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In death, Lonesome George reveals why giant tortoises live so long

Date:
December 3, 2018
Source:
Yale University
Summary:
Genetic analysis of DNA from Lonesome George and samples from other giant tortoises of the Galapagos -- which can live more than 100 years in captivity -- found they possessed a number of gene variants linked to DNA repair, immune response, and cancer suppression not possessed by shorter-lived vertebrates.
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The late, famous tortoise, Lonesome George, Galapagos Islands
Credit: © Betty Sederquist / Fotolia

Lonesome George's species may have died with him in 2012, but he and other giant tortoises of the Galapagos are still providing genetic clues to individual longevity through a new study by researchers at Yale University, the University of Oviedo in Spain, the Galapagos Conservancy, and the Galapagos National Park Service.

Genetic analysis of DNA from Lonesome George and samples from other giant tortoises of the Galapagos -- which can live more than 100 years in captivity -- found they possessed a number of gene variants linked to DNA repair, immune response, and cancer suppression not possessed by shorter-lived vertebrates.

The findings were reported Dec. 3 in the journal Nature Ecology & Evolution.

"Lonesome George is still teaching us lessons," said Adalgisa "Gisella" Caccone, senior researcher in Yale's Department of Ecology and Evolutionary Biology and co-senior author of the paper.

In 2010, Caccone began sequencing the whole genome of Lonesome George, the last of the species Chelonoidis abingdonii, to study evolution of the tortoise population on the Galapagos. Carlos Lopez-Otin at the University of Oviedo in Spain analyzed this data and other species of tortoises to look for gene variants associated with longevity.

"We had previously described nine hallmarks of aging, and after studying 500 genes on the basis of this classification, we found interesting variants potentially affecting six of those hallmarks in giant tortoises, opening new lines for aging research," Lopez-Otin said.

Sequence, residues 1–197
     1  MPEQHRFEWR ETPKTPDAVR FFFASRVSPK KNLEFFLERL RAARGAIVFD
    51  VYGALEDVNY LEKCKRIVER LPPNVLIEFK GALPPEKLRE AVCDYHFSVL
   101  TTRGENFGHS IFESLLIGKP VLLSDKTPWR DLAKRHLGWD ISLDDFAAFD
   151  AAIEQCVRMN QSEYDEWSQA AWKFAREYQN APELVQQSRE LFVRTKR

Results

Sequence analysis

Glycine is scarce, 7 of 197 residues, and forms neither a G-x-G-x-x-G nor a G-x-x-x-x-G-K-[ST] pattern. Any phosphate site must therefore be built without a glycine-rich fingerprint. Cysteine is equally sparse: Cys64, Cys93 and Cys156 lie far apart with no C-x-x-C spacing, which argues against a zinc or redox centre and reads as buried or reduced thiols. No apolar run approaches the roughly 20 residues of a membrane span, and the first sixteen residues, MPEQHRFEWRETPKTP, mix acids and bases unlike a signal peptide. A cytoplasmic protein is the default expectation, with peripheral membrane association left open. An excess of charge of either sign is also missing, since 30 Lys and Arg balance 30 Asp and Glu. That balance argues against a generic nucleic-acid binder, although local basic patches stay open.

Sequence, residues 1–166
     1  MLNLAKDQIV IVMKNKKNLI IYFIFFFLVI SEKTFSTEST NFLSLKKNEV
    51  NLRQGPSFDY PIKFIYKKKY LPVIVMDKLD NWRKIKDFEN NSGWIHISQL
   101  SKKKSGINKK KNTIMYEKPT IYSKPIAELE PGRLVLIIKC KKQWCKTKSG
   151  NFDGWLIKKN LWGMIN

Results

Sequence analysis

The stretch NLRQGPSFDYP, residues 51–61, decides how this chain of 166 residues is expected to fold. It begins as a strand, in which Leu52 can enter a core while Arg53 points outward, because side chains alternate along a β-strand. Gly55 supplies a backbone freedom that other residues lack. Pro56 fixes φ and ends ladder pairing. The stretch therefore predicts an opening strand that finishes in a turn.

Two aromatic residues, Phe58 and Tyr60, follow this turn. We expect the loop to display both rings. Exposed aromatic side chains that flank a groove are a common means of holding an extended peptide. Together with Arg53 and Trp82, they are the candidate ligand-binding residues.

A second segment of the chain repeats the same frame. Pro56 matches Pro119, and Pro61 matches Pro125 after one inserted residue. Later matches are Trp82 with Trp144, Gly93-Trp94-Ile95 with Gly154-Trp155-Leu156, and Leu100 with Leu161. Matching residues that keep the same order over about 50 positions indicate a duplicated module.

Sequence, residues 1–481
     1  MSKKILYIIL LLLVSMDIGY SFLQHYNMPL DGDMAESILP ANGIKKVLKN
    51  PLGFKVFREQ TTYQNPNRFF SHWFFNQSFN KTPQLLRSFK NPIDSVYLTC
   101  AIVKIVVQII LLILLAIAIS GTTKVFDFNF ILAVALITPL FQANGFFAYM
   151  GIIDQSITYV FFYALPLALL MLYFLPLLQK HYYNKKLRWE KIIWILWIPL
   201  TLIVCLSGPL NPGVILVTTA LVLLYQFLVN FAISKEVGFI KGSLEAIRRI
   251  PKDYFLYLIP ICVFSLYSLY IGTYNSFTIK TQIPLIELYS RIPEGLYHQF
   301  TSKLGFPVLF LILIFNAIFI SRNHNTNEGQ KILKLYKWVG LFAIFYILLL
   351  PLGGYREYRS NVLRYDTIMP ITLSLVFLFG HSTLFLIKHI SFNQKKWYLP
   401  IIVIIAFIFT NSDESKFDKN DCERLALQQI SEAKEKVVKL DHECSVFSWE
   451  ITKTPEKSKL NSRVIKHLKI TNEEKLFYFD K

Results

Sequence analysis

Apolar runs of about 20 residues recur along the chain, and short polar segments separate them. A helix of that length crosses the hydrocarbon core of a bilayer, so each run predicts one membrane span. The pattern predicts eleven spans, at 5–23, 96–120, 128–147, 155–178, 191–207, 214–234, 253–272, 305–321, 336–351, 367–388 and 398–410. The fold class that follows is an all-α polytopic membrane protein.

Story Source:

Materials provided by Yale University. Original written by Bill Hathaway. Note: Content may be edited for style and length.


Journal Reference:

  1. Víctor Quesada, Sandra Freitas-Rodríguez, Joshua Miller, José G. Pérez-Silva, Zi-Feng Jiang, Washington Tapia, Olaya Santiago-Fernández, Diana Campos-Iglesias, Lukas F. K. Kuderna, Maud Quinzin, Miguel G. Álvarez, Dido Carrero, Luciano B. Beheregaray, James P. Gibbs, Ylenia Chiari, Scott Glaberman, Claudio Ciofi, Miguel Araujo-Voces, Pablo Mayoral, Javier R. Arango, Isaac Tamargo-Gómez, David Roiz-Valle, María Pascual-Torner, Benjamin R. Evans, Danielle L. Edwards, Ryan C. Garrick, Michael A. Russello, Nikos Poulakakis, Stephen J. Gaughran, Danny O. Rueda, Gabriel Bretones, Tomàs Marquès-Bonet, Kevin P. White, Adalgisa Caccone, Carlos López-Otín. Giant tortoise genomes provide insights into longevity and age-related disease. Nature Ecology & Evolution, 2018; DOI: 10.1038/s41559-018-0733-x

Cite This Page:

Yale University. "In death, Lonesome George reveals why giant tortoises live so long." ScienceDaily. ScienceDaily, 3 December 2018. <www.sciencedaily.com/releases/2018/12/181203115438.htm>.
Yale University. (2018, December 3). In death, Lonesome George reveals why giant tortoises live so long. ScienceDaily. Retrieved December 11, 2018 from www.sciencedaily.com/releases/2018/12/181203115438.htm
Yale University. "In death, Lonesome George reveals why giant tortoises live so long." ScienceDaily. www.sciencedaily.com/releases/2018/12/181203115438.htm (accessed December 11, 2018).

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